The situations that Superman has faced under the pen of Brian Michael Bendis have been far different from anything he’s faced before. This trend continues in Superman #12, as Clark has his largest family reunion potentially ever. As he continues to deal with the loss of his son’s formative years as a child, Clark is able to meet back up with his cousin Kara, his dog Krypto, and his father, Jor-El. Zod also partakes in the opening battle, which makes this potentially the most Kryptonians in one area since the planet was destroyed.
Speaking of the planet’s destruction, Rogol Zaar is involved in this fight as well. Befitting the title “The Unity Saga,” he has joined up with a dozen different space empires alongside Zod all united to destroy Jor-El once and for all. The first half of the issue is entirely this space fight between the House of El and the rest of the universe, with Clark’s stream of consciousness inner monologue as narration over absolutely beautiful splash pages by Reis.
The second half of the issue properly advances the plot, with fun character interactions between everyone, before splitting the family into two groups for this crossover with Supergirl. Kara and Krypto take the teenage Jon with them to go on adventures in the Supergirl book, while Clark presses his father for answers. This temporary setup looks to be very fun, as Kara and Jon interacting has a lot of potential for good character moments for both of them.
Overall, this issue was stronger than the last few, as the plot started moving forward in the second half. It dealt a lot with reunions that had been several months coming, and doesn’t feel like it’s entirely spinning its wheels anymore. That being said, it still feels like Bendis is postponing questions that the readers have been waiting months for the answers to. It’s frustrating to have to wait another month for what will likely be another issue where Jor-El ignores every question Clark directly asks him. When the plot moves forward the book is compelling, but it frequently doesn’t move forward within each issue.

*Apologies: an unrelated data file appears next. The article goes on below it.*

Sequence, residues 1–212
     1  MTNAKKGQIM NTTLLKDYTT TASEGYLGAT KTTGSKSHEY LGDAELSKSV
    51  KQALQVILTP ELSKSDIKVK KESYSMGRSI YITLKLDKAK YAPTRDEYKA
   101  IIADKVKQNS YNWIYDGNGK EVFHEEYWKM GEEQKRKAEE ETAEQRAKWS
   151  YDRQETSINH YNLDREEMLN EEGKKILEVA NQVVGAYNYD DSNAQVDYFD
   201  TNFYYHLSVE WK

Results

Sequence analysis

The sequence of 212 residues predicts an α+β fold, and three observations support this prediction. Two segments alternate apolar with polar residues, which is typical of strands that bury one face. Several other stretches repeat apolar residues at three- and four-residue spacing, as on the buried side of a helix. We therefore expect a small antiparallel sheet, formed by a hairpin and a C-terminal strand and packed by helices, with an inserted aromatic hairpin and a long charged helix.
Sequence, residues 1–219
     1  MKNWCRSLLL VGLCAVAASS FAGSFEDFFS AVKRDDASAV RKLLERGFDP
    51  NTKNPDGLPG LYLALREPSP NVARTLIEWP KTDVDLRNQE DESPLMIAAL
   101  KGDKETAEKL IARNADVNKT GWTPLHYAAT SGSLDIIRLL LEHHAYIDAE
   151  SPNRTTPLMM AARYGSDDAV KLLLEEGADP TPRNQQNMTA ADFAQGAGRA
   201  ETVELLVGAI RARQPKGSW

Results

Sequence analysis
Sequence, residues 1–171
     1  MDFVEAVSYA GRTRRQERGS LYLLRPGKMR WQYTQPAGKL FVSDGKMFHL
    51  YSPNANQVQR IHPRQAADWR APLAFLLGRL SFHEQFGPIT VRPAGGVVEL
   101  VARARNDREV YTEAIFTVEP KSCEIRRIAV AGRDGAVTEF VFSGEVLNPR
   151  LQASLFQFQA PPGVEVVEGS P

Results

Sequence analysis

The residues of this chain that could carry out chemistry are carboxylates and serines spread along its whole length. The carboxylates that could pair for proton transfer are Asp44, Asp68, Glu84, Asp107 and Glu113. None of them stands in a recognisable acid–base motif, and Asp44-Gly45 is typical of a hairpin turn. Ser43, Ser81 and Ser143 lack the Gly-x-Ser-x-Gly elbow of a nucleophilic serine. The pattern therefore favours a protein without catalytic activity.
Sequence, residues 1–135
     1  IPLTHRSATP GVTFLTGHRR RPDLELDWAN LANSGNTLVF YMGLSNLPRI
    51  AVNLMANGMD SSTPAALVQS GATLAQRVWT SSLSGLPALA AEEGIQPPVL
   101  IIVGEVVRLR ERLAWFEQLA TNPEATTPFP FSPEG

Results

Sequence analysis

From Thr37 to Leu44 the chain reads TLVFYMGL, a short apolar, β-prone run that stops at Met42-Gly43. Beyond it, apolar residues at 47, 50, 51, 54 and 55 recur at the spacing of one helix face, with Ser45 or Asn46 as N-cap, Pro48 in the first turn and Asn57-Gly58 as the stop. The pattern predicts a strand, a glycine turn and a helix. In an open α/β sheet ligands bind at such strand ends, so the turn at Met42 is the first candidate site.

A lot of the frustration by the stagnant story is mitigated by the art. Bendis uses Ivan Reis’ skills to absolute perfection, with gorgeous splash pages and double page spreads throughout. While the fight scenes are mostly spectacle with very little plot progression, it is absolutely gorgeous spectacle. Prado and Albert’s inks alongside Sinclair’s colors complement the art so well to deliver an incredible, breathtaking final product where every single page could be hung up on a wall. It’s not just the fights either. Every character’s facial expressions and body language are so well-defined, the emotions don’t need any dialogue to be conveyed properly. For all the flaws in the writing and pacing, the art is absolutely perfect from start to end.
Overall, this issue is a necessary step forward for the plot after a bit too long without any major progression, but it doesn’t move far enough forward to make up for the stagnation. The progression it does is promising overall, though. The art continues to be the highlight of this series. For readers who have been enjoying this book, this issue is a fairly strong one, but it is essentially more of the same.
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